Keith Coleman, co-owner of Coleman's Hamilton Building Supply, occasionally asks his employees why UPS washes its trucks nearly every day. "The answer is it makes them look professional, it makes them look like they have their act together," he says. "Perception is a reality."
And the reality in Hamilton Township, N.J., is that Hamilton Building Supply maintains an ultraclean lumberyard, from its commodities, door, and millwork shops to the property outside the yard that borders rail lines.
Like Coleman, who co-owns the yard with his brothers Kim and Kip, dealers have found that maintaining a neat yard sends a positive image while translating into stronger sales.
Peter Ganahl, president of Ganahl Lumber in Anaheim, Calif., remembers when his business had what he calls "junky yards" in the 1970s. "It drove me nuts," he says. That's no longer the case since ongoing cleanup procedures have been put into place, including a second shift in seven of the dealer's nine yards that pulls bad materials from stacks and recuts them to usable lengths or puts them in a chipper for resale. Ganahl's yards also are paved with concrete, blacktop, or both, cutting down on dust and dirt.
"No. 1, the manager of the yard has to believe that it's profitable to him" to keep the yard clean, Ganahl says. "Once he believes, he'll get his yard foreman and superintendent to believe. If he doesn't believe that it's profitable to him, it's not going to go very far.
"There's an extreme correlation between profits and cleanliness," he adds. And Ganahl should know; his business rang up sales of $291.5 million last year, putting Ganahl Lumber 25th on the ProSales 100.
Maintaining the clean-yard philosophy around Ganahl is not difficult, since each of the dealer's general managers visit one another, injecting a bit of peer pressure and competitiveness into the formula. About 30 years ago, Peter Ganahl had a manager who argued that he could either get loads out on time or run a clean yard, but not do both at the same time. "He couldn't embrace that one goes with the other. It's blocking and tackling, it's the basics," says Ganahl, who believes neatness translates into efficiency. That manager no longer is with the company.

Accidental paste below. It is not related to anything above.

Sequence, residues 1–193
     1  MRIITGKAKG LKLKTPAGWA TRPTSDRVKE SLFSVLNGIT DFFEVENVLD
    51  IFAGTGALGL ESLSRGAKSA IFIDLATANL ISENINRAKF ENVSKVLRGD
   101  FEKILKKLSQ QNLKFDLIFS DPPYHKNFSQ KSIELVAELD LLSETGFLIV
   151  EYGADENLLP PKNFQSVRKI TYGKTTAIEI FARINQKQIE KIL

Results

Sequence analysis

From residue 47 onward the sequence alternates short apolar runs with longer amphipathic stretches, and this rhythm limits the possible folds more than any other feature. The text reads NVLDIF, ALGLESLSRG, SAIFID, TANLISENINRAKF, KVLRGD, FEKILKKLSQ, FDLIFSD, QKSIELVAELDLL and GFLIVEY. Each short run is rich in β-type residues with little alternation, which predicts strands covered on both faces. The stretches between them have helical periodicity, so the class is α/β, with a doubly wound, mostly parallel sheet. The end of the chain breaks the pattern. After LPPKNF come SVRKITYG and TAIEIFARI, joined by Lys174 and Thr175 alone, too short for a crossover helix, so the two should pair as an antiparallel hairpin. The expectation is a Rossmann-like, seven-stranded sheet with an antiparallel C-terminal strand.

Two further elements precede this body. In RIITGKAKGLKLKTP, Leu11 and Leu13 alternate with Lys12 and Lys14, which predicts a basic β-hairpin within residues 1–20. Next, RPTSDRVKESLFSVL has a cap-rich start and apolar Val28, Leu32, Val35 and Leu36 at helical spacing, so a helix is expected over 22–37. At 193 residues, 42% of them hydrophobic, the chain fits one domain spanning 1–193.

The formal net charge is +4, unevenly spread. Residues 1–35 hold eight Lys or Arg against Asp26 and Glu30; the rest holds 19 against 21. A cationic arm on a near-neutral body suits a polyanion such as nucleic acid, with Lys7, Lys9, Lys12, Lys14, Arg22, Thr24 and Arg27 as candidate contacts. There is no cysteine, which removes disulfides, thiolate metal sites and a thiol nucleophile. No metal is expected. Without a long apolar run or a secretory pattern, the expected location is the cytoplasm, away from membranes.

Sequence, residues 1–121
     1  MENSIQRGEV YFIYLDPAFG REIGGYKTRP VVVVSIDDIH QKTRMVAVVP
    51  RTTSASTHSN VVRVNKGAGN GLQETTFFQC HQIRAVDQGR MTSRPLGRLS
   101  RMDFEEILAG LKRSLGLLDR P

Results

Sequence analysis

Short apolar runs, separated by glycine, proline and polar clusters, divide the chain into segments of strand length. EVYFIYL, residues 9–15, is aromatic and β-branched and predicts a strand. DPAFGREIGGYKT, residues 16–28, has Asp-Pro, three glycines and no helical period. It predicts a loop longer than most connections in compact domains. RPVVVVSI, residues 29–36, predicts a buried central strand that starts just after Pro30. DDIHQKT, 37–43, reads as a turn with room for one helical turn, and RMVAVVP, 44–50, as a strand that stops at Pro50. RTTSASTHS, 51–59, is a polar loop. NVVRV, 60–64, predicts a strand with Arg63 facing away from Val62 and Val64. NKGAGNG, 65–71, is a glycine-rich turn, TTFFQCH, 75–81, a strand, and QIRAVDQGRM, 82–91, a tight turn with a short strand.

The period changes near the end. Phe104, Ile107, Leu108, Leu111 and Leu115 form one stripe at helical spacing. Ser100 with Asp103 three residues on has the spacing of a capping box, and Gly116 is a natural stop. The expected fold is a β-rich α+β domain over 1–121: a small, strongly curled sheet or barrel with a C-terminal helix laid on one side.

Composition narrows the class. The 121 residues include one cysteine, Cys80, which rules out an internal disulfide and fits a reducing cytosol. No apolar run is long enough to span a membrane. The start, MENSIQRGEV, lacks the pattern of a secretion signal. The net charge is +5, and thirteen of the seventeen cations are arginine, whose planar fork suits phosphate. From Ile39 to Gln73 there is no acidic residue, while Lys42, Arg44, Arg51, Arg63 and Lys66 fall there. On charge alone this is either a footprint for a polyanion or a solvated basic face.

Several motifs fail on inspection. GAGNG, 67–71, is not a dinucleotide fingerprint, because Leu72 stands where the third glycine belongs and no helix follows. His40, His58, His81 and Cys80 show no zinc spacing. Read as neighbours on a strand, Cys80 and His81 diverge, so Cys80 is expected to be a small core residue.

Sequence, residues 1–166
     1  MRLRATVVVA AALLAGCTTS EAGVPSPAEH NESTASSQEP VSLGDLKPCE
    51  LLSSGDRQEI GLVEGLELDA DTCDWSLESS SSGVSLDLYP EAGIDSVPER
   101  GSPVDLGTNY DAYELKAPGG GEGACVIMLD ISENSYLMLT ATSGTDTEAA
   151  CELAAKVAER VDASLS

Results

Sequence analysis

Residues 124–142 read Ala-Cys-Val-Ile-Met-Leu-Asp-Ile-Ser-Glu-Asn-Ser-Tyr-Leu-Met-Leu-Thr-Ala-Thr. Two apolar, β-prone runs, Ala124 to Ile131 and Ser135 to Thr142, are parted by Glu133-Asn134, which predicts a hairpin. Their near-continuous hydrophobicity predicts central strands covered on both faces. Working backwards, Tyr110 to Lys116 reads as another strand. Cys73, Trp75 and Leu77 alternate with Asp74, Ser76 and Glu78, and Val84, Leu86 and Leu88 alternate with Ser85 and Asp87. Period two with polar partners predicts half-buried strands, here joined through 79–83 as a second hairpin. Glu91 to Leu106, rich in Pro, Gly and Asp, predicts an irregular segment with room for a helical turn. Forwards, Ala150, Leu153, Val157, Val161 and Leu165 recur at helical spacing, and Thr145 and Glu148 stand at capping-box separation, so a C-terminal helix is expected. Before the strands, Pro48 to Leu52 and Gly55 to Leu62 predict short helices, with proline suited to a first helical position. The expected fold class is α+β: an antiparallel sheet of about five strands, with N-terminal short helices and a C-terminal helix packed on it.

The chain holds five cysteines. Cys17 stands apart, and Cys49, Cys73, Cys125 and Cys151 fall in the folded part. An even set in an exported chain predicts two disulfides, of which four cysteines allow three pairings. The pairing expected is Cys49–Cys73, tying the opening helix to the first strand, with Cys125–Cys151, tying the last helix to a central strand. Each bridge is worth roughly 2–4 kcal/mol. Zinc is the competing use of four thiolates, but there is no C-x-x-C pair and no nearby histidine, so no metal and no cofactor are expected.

Given the number of customers and sticks that move about a yard on an average day, the cleanliness factor makes sense. Not leaving materials lying around cuts down on the likelihood that someone will get injured by loose materials. "Why leave the same bent board in a stack around if the next 10 pros are going to go through the same lumber and discard the same board on the ground?" Coleman asks.
"I do it because the boss makes me do it," Berlin Myers Jr., 60, says, half jokingly. He's referring to his father who, at 90, continues to come to work every day as president of Berlin G. Myers Lumber Corp. in Summerville, S.C. The elder Myers also has served as the town's mayor since 1972 and was re-elected in May. One reputation Berlin Myers Sr. has held while in office is keeping a clean town. The process has translated to his three-acre yard.
"Everyone has to do it on a regular basis, or we could never keep up," the younger Myers says. "Our expectation is that everyone pitches in and does their part. Hopefully, it's in our corporate culture now." Sticks are stacked properly, wrapping materials are discarded, and large sweepers are used continuously in the paved, yard. In the millwork shop, dust collection systems do their job.
The younger Myers says that the result of all this is that when a builder visits the yard, he recognizes that the company takes pride in its work, and this, in turn, can help the builder sell to his customer.
"You are not going to get materials at the job warped by rain or with dirt and mud all over them," he says. "The customer feels better because he can show his client that he is getting a good product and that he is being taken care of."
Lang Building Supply in Brunswick, Ga., maintains a 3/2;-acre site and is preparing to add three more acres. That relatively small size makes cleanliness important, because the yard has to be used efficiently. Lang has taken a traditional, common-sense route, stationing plenty of trash containers at strategic points in the yard. Debris such as steel banding, strips of stacking wood, and pallets each have a particular area in the yard where they are stored or discarded.
Co-owner and president Hubert Lang, a third-generation owner, says new hires quickly catch on to the neat routine. Lang's brother John, now a vice president and formerly a yard foreman, puts a bit of pressure on personnel as well. "He has taught organization in the yard, and he's pretty adamant about it when he walks around," Lang says.
Dealers with showrooms have another reason to push neatness. "A cleaner environment appeals to women, who are increasingly becoming a bigger influence on sales," Coleman says. Hamilton maintains a full kitchen and bath showroom at its headquarters, and employs a cleaning crew in the evenings.
The crew serves other purposes, too, making sure coffee pots are turned off, cigarettes are not burning, the doors are locked, and Hamilton's computer system gets backed up several times a week. "We figured they're here, so why not show them how to do this, too?" Coleman says.
While Lang and Coleman have not met one another, Lang knows why UPS washes its trucks every day, and embraces the same philosophy: daily washing cuts down on the wear and tear a vehicle might receive from dirt and debris.
"I think the worst PR in the world is running around town with a dirty delivery truck," Lang says.